For example, you have a right to privacy, to say “no,” to be addressed with courtesy and respect, to change your mind or cancel commitments, to ask people you hire to work the way you want, to ask for help, to be left alone, to conserve your energy, and not to answer a question, the phone, or an email. Think of them as self-discipline and healthy management of time, thoughts, emotions, behavior and impulses.
Think about all the situations where these rights apply. If you’re procrastinating, doing things you neither have to nor want to do, or overdoing and not getting enough rest, recreation, or balanced meals, you may be neglecting internal physical boundaries.
Write how you feel and how you currently handle them. Learning to manage negative thoughts and feelings empowers you, as does the ability to follow through on goals and commitments to yourself.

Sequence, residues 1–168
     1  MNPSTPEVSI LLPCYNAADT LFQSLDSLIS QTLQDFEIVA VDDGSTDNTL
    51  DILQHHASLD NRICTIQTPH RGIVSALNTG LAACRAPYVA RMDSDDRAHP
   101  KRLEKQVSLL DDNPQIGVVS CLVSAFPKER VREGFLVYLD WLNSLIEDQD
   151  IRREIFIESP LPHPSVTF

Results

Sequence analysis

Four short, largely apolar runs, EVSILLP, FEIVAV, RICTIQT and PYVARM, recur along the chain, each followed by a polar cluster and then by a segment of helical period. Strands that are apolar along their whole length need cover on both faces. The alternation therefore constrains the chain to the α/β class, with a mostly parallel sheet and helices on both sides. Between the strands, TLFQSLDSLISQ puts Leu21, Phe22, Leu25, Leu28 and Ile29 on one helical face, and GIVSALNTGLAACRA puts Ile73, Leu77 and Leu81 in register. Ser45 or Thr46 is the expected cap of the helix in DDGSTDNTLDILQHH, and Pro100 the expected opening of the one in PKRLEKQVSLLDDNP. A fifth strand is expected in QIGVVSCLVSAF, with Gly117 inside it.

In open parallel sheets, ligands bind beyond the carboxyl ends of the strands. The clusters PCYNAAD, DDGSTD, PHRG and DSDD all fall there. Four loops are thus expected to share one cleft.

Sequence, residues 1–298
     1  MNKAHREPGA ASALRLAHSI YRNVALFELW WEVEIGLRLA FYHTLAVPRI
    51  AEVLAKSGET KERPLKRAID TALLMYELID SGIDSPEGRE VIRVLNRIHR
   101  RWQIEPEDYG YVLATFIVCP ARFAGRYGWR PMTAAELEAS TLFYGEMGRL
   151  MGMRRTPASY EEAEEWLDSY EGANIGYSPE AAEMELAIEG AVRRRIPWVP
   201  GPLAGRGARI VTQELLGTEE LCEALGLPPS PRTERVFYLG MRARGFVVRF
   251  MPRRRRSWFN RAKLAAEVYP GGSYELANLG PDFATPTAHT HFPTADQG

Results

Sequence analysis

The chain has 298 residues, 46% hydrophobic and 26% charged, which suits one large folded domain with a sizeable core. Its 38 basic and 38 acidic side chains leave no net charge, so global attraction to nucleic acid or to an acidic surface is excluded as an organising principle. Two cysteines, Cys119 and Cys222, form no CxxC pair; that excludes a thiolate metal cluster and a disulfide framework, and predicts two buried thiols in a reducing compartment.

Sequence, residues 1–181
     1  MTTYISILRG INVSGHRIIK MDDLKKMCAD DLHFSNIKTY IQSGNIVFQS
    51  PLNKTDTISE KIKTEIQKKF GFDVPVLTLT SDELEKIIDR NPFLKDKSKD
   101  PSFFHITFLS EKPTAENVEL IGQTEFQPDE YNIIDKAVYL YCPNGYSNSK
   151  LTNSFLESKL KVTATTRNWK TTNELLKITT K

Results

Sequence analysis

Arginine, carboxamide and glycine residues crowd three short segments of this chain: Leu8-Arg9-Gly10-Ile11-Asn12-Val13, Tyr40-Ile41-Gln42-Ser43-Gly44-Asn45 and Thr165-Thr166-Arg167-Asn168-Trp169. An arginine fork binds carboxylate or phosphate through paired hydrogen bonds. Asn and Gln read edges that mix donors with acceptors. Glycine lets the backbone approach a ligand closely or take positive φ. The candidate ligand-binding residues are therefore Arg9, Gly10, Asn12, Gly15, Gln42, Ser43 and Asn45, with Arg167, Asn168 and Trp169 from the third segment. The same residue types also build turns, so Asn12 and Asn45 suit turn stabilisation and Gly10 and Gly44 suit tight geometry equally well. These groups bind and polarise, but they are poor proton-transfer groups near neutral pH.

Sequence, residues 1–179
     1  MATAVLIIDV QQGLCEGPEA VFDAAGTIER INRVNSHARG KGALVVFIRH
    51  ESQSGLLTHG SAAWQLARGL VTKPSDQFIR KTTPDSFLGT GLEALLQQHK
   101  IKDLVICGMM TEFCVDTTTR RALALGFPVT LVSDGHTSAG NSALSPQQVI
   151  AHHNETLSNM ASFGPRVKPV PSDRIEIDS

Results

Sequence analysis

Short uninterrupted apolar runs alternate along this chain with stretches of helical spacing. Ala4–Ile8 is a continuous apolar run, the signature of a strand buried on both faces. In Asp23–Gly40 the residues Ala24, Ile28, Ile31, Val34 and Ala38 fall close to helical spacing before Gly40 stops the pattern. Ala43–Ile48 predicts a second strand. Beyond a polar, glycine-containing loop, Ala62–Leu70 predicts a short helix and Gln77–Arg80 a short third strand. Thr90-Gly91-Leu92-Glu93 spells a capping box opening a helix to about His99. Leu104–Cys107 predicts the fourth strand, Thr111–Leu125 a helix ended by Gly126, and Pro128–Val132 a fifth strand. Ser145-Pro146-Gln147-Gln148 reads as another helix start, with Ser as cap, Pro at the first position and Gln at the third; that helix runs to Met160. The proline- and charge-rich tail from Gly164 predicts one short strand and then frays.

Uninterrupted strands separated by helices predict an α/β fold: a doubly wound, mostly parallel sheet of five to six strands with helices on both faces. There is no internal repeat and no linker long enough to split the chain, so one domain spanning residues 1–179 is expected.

How often do you say “yes” when you’d like to say “no? Healthy emotional and mental internal boundaries help you not to assume responsibility for, or obsess about, other people’s feelings and problems – something codependents commonly do. You think about yourself, rather than automatically agreeing with others’ criticism or advice.
The reverse is also true: there may be something that you’re not ok with at the beginning, but with time and trust, you become comfortable with it.
Both you and your partner should feel free to openly talk about your changing needs and wants.
You’re then empowered to set external emotional boundaries if you choose.